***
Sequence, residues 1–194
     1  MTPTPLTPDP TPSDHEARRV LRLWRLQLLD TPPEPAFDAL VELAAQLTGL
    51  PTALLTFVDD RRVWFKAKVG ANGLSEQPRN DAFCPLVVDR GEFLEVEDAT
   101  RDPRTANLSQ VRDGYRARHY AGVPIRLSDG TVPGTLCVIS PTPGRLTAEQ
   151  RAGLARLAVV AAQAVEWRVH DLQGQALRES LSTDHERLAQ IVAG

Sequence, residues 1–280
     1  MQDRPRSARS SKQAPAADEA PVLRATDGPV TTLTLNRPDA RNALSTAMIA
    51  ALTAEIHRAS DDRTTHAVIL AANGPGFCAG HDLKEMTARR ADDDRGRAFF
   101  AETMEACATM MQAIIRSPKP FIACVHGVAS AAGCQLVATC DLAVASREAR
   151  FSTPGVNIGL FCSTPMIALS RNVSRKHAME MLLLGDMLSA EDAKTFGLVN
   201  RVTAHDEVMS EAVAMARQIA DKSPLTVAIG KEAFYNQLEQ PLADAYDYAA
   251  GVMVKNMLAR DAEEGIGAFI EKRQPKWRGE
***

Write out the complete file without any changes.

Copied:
Sequence, residues 1–194
     1  MTPTPLTPDP TPSDHEARRV LRLWRLQLLD TPPEPAFDAL VELAAQLTGL
    51  PTALLTFVDD RRVWFKAKVG ANGLSEQPRN DAFCPLVVDR GEFLEVEDAT
   101  RDPRTANLSQ VRDGYRARHY AGVPIRLSDG TVPGTLCVIS PTPGRLTAEQ
   151  RAGLARLAVV AAQAVEWRVH DLQGQALRES LSTDHERLAQ IVAG

Sequence, residues 1–280
     1  MQDRPRSARS SKQAPAADEA PVLRATDGPV TTLTLNRPDA RNALSTAMIA
    51  ALTAEIHRAS DDRTTHAVIL AANGPGFCAG HDLKEMTARR ADDDRGRAFF
   101  AETMEACATM MQAIIRSPKP FIACVHGVAS AAGCQLVATC DLAVASREAR
   151  FSTPGVNIGL FCSTPMIALS RNVSRKHAME MLLLGDMLSA EDAKTFGLVN
   201  RVTAHDEVMS EAVAMARQIA DKSPLTVAIG KEAFYNQLEQ PLADAYDYAA
   251  GVMVKNMLAR DAEEGIGAFI EKRQPKWRGE